Saturday, December 12, 2009

Copenhagen: Arrival Part Two. The Church.

It’s late, way too late for us, we who have been traveling for twenty three hours and who’s biological clocks believe that its close to dawn, rather than a misty and cold evening.  Our dinner weighs heavy in our bellies, the first real food we’ve eaten, and walking feels good in spite of how exhausted we are.  Besides, Copenhagen almost feels like an overgrown and even-more-charming Santa’s village, fully dark at four o’clock, streets crowded with bikes and pedestrians but only a car or two, who’s headlights seem out of place among the crumbling stone buildings and cobbled brick streets.  So many bikes!  They whiz by in breathtaking bunches, swarm on sidewalks, throng in the streets like tribes.  

Beyond its natural charm, Copenhagen has put on its eco-finest for the Climate Summit, with signs that read “Hopenhagen” and catchphrases urging a powerful change at the conference everywhere and large, beautiful demonstrations of alternative energies. It’s tempting to feel like we’ve stumbled into utopia.  The occasional sirens and blue-lit “Politico” cars rushing by, followed by ambulances, reveal that there is also something fierce beneath the sweet surface.  Most of the people here seem oblivious to it, wandering with hearty druken cheer down the cold street, enjoying their Friday night.  There is a man playing bagpipes in front of an Irish bar for tips, surrounded by pale-skinned, slight Danish women, and a motley crew of rowdy young men hauling Christmas trees down the street and swinging them at each other. It feels sweet to be surrounded by their liveliness, even though my exhaustion makes it hard for me to feel much of my own.

Jason and I follow a trail of golden lights to an old church, one that has sat here for hundreds of years, remaining quietly stately and powerful even as the cosmetic stores and clothing boutiques and bars edge ever closer, their neon signs whispering that someday the candles that light our way will be forgotten, overpowered. The candles, flickering magically in the dark night, seem uninterested in such mundane matters.   We follow them through the wide double doors and into the ancient chapel to an altar to Jesus, who’s head is ringed like Buddha’s with the golden halo of enlightenment.  Without a word, we both kneel down, breath deeply, and begin to pray to him and to Mary Magdelene, who seems to have been forgotten in this church but who’s presence is so intimately, innately tied to his.   I’ve never prayed to Jesus before, but here in this ancient church, I can feel his power and purity and the way he inspires so many to desire goodness and justice.  It simply feels right.  

We ask them to come into us, to bring compassion and forgiveness and strength in the face of adversity to us during this week.  And love.  The love they felt for one another, the love they feel for their people, who are the people we will be in the streets with during the next seven days and the police as well, and many of the politicians and policy makers… Throughout the last couple of hundred years, so many have called upon these two loving bodhisattvas during their deepest times of need.   Well, this is the eleventh hour and we must all come together to solve the troubles that we face – that’s what this summit, in its essence, is about.  Even good Jewitch girls like myself.  I’ve had issues in the past with the things that Jesus’s followers have done in his name, but now, in this time, I feel peace and love and unity praying in his church.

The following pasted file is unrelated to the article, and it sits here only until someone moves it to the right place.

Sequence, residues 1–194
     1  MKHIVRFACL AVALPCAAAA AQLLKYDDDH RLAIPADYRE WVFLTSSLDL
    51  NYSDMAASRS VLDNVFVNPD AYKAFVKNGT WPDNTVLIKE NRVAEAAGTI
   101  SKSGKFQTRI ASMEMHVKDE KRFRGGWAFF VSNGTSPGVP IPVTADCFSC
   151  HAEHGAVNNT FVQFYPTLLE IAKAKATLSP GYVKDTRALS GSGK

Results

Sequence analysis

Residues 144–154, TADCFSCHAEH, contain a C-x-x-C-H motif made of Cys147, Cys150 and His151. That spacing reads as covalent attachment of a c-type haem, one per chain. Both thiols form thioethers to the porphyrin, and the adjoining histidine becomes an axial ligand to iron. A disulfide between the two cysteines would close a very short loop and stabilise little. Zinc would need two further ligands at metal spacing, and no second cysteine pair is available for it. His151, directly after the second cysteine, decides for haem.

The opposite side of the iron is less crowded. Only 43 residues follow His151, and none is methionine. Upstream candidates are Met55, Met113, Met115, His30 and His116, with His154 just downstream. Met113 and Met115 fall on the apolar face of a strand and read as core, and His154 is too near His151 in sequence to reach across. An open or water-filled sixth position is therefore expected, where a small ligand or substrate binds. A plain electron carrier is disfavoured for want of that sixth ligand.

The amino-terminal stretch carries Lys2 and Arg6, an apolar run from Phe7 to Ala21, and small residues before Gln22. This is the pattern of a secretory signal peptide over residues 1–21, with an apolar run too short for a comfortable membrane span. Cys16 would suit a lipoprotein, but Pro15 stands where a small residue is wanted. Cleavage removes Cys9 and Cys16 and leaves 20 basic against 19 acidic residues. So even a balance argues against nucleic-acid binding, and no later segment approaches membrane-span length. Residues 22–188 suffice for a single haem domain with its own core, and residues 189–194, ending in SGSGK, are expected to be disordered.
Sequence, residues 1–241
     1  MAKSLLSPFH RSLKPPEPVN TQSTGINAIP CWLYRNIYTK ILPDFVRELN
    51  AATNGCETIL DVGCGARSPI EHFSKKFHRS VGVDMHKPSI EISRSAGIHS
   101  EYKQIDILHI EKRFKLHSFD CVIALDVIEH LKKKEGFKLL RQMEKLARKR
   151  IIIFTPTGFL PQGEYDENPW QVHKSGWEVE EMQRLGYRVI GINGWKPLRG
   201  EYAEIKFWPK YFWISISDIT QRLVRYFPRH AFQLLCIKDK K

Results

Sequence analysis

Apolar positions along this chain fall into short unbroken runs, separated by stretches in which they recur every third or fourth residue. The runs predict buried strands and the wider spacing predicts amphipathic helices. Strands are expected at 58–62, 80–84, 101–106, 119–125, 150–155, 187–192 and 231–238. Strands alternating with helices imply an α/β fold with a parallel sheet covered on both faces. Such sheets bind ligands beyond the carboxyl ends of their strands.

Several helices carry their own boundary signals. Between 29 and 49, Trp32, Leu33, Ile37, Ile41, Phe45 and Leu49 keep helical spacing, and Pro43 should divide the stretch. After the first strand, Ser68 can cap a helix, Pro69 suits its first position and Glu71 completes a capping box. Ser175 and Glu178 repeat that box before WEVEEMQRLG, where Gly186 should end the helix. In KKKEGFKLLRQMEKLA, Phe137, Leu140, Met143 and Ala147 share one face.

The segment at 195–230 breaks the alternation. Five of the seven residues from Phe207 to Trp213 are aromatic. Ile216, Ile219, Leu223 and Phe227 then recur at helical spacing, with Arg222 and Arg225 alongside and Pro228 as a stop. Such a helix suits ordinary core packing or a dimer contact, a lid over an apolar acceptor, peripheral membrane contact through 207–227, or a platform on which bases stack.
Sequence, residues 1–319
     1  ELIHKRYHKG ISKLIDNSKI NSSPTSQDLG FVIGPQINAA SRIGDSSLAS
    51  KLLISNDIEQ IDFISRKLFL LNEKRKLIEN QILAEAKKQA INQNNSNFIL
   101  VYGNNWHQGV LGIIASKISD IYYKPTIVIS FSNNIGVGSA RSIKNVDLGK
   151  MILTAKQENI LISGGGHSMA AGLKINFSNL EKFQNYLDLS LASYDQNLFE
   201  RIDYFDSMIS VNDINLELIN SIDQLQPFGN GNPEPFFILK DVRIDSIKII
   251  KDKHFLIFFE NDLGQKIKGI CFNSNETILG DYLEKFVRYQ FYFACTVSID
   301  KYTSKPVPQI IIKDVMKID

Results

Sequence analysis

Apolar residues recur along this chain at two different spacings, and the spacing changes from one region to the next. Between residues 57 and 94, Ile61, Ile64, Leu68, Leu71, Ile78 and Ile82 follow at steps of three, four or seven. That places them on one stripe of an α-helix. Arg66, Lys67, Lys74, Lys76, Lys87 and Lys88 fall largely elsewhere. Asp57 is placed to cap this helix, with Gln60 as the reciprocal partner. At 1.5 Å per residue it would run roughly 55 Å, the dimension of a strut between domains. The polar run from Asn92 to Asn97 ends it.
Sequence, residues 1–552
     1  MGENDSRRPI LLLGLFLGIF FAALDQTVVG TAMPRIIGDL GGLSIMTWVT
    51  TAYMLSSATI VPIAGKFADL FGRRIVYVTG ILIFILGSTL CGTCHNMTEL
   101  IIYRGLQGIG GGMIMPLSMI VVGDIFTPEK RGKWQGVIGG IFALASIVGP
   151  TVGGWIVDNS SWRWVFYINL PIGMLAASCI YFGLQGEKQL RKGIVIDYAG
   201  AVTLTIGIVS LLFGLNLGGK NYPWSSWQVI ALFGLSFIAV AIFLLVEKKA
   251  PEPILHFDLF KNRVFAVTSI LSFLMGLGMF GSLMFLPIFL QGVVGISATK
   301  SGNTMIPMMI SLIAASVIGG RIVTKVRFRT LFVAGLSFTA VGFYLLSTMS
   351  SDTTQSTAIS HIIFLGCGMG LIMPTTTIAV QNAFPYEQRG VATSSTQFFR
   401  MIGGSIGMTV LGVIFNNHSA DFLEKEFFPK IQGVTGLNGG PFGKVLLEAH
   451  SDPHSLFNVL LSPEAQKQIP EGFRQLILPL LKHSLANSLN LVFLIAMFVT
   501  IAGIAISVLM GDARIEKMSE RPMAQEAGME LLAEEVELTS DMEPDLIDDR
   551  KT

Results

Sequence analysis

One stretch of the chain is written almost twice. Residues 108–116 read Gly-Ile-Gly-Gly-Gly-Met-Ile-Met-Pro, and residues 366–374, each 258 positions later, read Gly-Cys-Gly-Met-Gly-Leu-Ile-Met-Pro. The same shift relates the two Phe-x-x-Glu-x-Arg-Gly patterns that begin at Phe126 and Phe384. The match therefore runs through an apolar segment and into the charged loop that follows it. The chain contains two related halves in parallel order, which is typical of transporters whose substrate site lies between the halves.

After our prayers to Mary Magdelene and Jesus slowly ebb to silence, we get to our feet and I slip a candle from a bucket near the altar into my purse, getting an intuitive hit that at some point this week it will become a major part of our work.  Then we wander back to our hostel and make our way up the stairs to our room, which is a dorm we’re sharing with four other activists: a man from Germany, one from Canada, one from England, and one who slept the whole time.  All men, except for me.  The German fellow, who never told us his name, talked about working with the Black Bloc in Europe and gave us an anti-fascist flag from his homeland, “because you came all the way from America.”

“Fighting the nazis and fighting the corporations isn’t really that different,” he says. “Perhaps the corporations have a nicer face, but really, they do the same things – they kill so many, they suppress our freedom, the turn harshly against you if you try to speak out against them.   We still have so many problems with fascists, even today.  You still have problems with racism.  It’s all the same.”

I tried to resist writing tonight, but its simply too exciting and too magical to put it off. We haven’t “officially” begun, and yet, its all happening.  So much so, that I simply must go to sleep.  I’m filled with curiosity and excitement for what lays ahead… and I really want to be over my jetlag so that I can be present for it.

Lotsa love,

1 comment:

  1. Re >>Even good Jewitch girls like myself. I’ve had issues in the past with the things that Jesus’s followers have done in his name, but now, in this time, I feel peace and love and unity praying in his church.<<

    Rivka: Not to think Mary of Magdala WASN'T a good Jewitch girl like yourself...or your Mom? Migdal = Tower in Hebrew. Just one of those little inconvenient truths people tend to forget--most people do anyway. She's an old friend of mine, and I'll have a lot more to say about her later on--and about some of her other friends I happen to know.

    I'm going to spread this one far and wide tomorrow. Not tonight, though--I'm tired myself! Love, Mom